Brownie Beach is a truly beautiful, tiny stretch of sand that stretches from just south of Chesapeake Beach, Maryland toward Calvert Cliffs. The beach itself is sandy, but lined with bits of clay and rock. Swoop a handful of that rock into the palm of your hand, and you are likely to find all sorts of pre-historic fossils, especially shark teeth. The inlet itself is quite shallow and calm, so even toddlers can wade out 25-30 feet. Views extend across the Chesapeake Bay and south toward Solomon’s Island and coastal Calvert County.
I particularly love Brownie Beach because it is a great place for educational learning, all out playing or romantic views of dusk and starlight (after the kids go home!).
For its proximity to civilization as well as for its sense of primordial privacy, for the safe, shallow water and for the thousands of ancient shark teeth, Brownie Beach is one of our favorite nearby beaches.
HOW TO GET THERE:
- Brownie Beach is easily accessed via Route 2. From points north (Baltimore/Annapolis) travel Route 2/Solomon’s Island Road south then turn left onto Route 4 toward Chesapeake Beach. This road ends at the Chesapeake Bay. Turn right and travel past Chesapeake Beach Resort and the Chesapeake Beach Waterpark, heading out of town. Look for BayFront Park about ½ mile out of town, on the left. You can park here or at Beach Elementary School, which you will see on the right. If you get to the Naval Research Station (did you ever see a spookier spot???) you went too far.
- From Points South, follow Route 4 or 5 to Route 2 toward Annapolis. Turn Right on Route 4 toward Chesapeake Beach, then follow the directions above.
Parking can be tight in the tiny Bay Front Park. Overflow can use Beach Elementary School. You can also park in town near the McDonald’s and walk down the boardwalk to the beach. This would be a long walk if you have a ton of gear, but a pleasant one with just a bucket and lunch.
WHAT YOU NEED TO KNOW
- The town of Chesapeake Beach relies on tourism income. Ergo, this park has an admission fee Memorial Day through Labor Day. The fee is waived for active duty military on major holidays. Since it would cost $50 for our family to spend a simple, low key day at the beach, we typically visit on warm spring or fall days. The bonus for this plan is that the beach is usually empty.
|2015 RATES FOR BAYFRONT PARK|
|Town Residents and Guests||Free|
|Calvert County Residents|
|Age 2 & under||Free|
|Age 55 & over||$5|
|Out of Calvert County Residents|
|Age 2 & under||Free|
|Age 55 & over||$9|
- Once you park, walk down the paved path a hundred yards or so to the beach. NOTE: the path is lined with Poison Ivy. STAY ON THE PATH
The Fossils: We found a ton of shark teeth and other fossils at this beach, as well as several nice shells. They come from the cliffs that characterize the geography, and are not deposits from the beach.
To find the fossils, wander south down the beach away from the crowds toward the signs that say CAUTION DO NOT GO BEYOND HERE. Most people sort of read those signs but keep walking.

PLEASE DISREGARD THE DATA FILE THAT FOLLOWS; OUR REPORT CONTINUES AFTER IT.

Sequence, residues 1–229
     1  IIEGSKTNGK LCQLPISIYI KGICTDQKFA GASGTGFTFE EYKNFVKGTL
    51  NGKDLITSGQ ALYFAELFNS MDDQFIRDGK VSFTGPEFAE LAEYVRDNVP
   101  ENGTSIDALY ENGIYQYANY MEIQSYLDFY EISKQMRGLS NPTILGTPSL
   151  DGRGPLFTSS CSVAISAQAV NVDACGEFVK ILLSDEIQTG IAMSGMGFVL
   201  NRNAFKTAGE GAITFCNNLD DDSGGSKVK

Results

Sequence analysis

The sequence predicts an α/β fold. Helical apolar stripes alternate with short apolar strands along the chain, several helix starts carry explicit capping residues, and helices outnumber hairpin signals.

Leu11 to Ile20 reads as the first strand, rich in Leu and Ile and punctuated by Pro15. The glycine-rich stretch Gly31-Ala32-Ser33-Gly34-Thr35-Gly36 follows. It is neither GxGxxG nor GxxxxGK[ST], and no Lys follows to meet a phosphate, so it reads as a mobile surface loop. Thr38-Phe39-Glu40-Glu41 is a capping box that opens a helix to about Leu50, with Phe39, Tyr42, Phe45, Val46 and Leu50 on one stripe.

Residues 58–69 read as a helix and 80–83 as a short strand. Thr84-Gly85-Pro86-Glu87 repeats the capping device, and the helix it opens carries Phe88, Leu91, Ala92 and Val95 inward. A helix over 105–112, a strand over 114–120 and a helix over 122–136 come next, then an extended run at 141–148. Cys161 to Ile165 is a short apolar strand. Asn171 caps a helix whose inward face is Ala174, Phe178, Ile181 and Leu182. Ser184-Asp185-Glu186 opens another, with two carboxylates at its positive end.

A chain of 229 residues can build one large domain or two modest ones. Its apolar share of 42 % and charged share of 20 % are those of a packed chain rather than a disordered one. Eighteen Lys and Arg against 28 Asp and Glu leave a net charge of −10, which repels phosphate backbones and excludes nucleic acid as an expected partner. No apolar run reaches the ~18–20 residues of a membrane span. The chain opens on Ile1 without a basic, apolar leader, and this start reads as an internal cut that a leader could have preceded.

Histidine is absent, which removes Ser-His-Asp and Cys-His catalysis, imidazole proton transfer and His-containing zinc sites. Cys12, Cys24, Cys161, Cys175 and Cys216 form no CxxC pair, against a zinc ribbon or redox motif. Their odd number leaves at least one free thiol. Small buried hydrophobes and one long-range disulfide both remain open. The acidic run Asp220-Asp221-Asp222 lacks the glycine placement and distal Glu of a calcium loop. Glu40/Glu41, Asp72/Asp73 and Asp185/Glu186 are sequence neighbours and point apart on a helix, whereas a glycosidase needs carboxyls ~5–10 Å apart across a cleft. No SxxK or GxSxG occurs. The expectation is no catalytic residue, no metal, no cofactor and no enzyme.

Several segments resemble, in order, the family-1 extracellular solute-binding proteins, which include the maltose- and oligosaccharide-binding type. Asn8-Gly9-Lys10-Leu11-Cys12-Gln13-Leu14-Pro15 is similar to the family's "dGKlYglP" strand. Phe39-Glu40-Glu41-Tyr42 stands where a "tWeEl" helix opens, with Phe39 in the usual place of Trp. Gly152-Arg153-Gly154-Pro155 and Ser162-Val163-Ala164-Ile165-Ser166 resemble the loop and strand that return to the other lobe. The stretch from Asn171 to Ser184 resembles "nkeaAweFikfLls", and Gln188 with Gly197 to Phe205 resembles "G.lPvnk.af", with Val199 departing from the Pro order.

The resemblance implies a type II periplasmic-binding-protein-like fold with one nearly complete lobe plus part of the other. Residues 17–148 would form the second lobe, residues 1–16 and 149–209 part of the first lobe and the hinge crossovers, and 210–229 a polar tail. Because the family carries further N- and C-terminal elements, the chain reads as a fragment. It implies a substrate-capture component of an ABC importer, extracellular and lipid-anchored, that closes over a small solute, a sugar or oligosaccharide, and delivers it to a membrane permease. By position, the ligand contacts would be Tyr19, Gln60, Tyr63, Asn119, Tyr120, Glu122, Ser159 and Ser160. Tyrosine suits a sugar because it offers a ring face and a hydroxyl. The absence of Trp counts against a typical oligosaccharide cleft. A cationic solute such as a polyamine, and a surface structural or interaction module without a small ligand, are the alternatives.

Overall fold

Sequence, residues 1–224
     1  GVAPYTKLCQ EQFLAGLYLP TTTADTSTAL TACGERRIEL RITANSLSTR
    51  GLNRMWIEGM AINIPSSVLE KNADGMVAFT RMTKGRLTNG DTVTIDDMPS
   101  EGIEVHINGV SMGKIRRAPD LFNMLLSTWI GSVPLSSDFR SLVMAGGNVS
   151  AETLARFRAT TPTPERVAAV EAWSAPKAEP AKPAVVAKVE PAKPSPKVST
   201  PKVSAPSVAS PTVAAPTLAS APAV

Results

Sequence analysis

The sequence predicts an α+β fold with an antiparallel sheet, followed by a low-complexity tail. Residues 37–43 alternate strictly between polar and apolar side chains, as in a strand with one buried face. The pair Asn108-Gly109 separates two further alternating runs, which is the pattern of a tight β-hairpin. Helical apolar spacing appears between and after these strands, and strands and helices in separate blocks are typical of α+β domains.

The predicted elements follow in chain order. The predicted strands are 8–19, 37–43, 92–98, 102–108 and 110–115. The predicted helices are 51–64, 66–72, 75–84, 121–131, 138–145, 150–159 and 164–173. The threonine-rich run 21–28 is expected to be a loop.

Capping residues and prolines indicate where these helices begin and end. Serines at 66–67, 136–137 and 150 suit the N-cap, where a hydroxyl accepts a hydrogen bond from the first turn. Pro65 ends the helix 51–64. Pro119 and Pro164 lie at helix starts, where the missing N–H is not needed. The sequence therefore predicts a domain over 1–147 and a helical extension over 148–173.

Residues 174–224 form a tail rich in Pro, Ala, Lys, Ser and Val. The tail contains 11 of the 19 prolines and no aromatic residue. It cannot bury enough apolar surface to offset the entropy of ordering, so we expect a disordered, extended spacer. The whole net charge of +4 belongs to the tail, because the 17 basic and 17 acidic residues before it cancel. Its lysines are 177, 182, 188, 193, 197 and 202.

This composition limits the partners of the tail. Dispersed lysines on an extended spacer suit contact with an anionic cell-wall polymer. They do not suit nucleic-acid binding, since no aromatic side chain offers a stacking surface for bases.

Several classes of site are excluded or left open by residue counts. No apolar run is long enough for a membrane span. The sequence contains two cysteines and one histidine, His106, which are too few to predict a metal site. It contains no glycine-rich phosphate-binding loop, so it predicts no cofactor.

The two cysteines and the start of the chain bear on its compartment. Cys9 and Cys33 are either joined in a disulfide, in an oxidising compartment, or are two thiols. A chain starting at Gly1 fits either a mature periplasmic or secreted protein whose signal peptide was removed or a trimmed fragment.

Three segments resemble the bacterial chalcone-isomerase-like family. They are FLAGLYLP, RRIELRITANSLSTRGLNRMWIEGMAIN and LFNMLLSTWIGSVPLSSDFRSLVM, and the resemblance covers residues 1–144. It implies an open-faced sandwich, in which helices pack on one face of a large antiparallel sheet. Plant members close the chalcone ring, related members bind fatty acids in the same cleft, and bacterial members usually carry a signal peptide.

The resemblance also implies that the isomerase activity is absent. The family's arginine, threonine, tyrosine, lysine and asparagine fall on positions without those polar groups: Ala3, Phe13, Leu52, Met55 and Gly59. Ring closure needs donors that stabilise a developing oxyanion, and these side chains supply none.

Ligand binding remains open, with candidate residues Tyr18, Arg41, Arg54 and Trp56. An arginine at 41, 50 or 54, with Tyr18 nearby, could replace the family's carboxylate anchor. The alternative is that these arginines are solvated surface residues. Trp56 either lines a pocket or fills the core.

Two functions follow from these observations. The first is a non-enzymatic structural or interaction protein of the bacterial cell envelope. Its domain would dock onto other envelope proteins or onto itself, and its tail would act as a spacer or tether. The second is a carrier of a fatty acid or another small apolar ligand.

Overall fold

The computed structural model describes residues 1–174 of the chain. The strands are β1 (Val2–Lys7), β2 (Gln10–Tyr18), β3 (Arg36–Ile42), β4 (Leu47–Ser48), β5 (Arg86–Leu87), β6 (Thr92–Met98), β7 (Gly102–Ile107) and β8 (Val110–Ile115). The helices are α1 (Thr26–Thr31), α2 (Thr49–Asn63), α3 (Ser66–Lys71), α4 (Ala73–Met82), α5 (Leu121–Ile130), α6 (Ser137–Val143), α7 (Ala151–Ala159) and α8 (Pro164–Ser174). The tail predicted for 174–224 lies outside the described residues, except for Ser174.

Gather a palm-full of rocky sand and slowly sift through it. Our trick is to tell your mind that you are looking for dark black to grey triangular shapes. Then the rocks and detritus begin to separate from each other and inevitably you will find the little treasures.
- About those cliffs: there are signs everywhere that advise caution. This is because the cliffs are composed mainly of clay and can collapse at any time, even when it’s a beautiful day and you would never expect it. Extreme caution is advised if you plan to move south, where the beach hugs the cliff. The signs are also in place to remind folks to respect Mother Nature in the sense that if the cliffs are trompled on, the delicate plants and trees that struggle to survive there can be destroyed.
- The tide: if you do go to the farther stretches of beach, beware of the tide. You can certainly get back since the shore is so shallow, but you will definitely be wading knee or hip deep.
- Facilities: there is no lifeguard and I have never seen a port-a-potty. There are garbage cans though.
- Bugs and other creatures: there are a lovely variety of bugs and other animals on the beach, which my kids find so exciting. We’ve found lizards hiding in logs, beautiful beetles with jewel-toned shells, eels, fish, horseshoe crabs, swallows flitting in and out of the nests they’ve hollowed from the cliffs and more. Nothing too harmful, though I would do a tick check when you get home.
- Not allowed: camping, drugs, alcohol or glass containers (posted all in the same sentence ??!!), fishing or crabbing from the boardwalk, fires. If ever there was a perfect spot for a small evening campfire, this is it, so that is a bummer. I have seen a lot of ashes and charcoal at this beach, so it seems there are still rebels in this county, but I would watch your P’s and Q’s in the summer months.
- Food: there are no concessions. BYO. You are very close to town though, so if you think the kiddos can handle it, stroll down the boardwalk for a nice lunch at the Chesapeake Resort and Spa or at any of the other fast-casual places in town. It’s a tiny town, so you won’t have far to look.